drain tile, will solve it.
  5. lawnstudent

    lawnstudent LawnSite Senior Member
    Messages: 472

    Drain tile will solve it only if they have a lower spot to drain to!

  6. garydale

    garydale LawnSite Senior Member
    Messages: 813

    The last place I work was nicknamed "Aqua World " because water was standing,running or dripping from everything.

    Good point about liability, if your divert it onto someone else.
    Where is it coming from, Someone " upstream " may be liable.

    Do you have somewhere for the water to go?You can divert water ,you can't stop it. Evaporation and perculation are not practicual.

    Are you in a munisapalty.township or other organization that has laws to cover this?If there is a town engineer go thru him.

    Get proposals/ bids from contractors on how to fix.

    Don't try to be" Mr. Nice Guy" and offer to fix neighbors problem,you will get burned or your inlaws will fallout with neighbor.
  7. joshua

    joshua LawnSite Bronze Member
    Messages: 1,226

    lawnstudent, i laugh. i can have a falt lawn and run drain till at a 1-2% slope over 100 feet and it could solve my problem. but good point, i don't want to give all my education away for free but he could put in a catch basin.
    also, he could build a pond, or put in several french drains running no where 2-3 wide spaced 15 feet apart or shorter depending on how bad it is, and run them straight down oh lets say 5-6 feet. or more if you want.
    or he could bring in fill and raise the prop. and then have a potential law suit. and he could do many other thiings like spary it with primo or embark, ect. ect. or he could do many other things.
  8. Russo

    Russo LawnSite Senior Member
    Messages: 287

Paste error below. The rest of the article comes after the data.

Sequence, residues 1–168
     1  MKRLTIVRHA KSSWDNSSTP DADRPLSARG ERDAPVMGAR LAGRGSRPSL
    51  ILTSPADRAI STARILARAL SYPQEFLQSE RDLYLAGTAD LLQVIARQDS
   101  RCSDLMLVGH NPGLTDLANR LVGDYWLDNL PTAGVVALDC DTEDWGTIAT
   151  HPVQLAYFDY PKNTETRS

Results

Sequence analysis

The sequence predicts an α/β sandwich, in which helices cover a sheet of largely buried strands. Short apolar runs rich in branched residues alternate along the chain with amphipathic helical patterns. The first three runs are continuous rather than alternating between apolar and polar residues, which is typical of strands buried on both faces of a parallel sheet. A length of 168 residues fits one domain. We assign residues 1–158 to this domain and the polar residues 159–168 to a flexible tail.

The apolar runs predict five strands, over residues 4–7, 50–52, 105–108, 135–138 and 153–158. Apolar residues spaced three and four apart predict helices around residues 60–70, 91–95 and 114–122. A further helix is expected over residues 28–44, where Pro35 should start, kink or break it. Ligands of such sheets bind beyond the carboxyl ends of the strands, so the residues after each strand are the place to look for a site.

Drainage issues are tricky to address if we can't see them. I like the idea of bringing in contractors for options if you are uncomfortable, especially with family.

    Here are a couple of general rules to follow should you decide to tackle this on your own. I invite others to add what I may be forgetting.

    1. Find the source. Often water can be deverted long before it reaches the area where it is flooding. I have found several cases where a sewer drain, well out of sight, was clogged causing flooding hundreds of feet away. Get a look at this thing while it's raining. Could be someone elses problem and not your MIL's.

    2. Find where the water SHOULD drain to. Everyone elses water is going somewhere. This water is probably on it's way to where it is SUPPOSED to be going; Somehow, over time, conditions have affected proper drainage and allowed it to sit. Let's get it where it goes.

    3. Get it there. As others have said, there are many ways to direct water; frech drain, open ditch, etc. Whatever you choose, industry standard generally dictates that the slope of your "drain" should be 2" down for every 10' in length. So if you install and open ditch 30 feet long, it should have at least 6 inches of fall.

    Combine this info with the good advice of people like Lawnstudent, Joshua and Scapasourous. Good luck.

    Let us know what happens, Landscraper.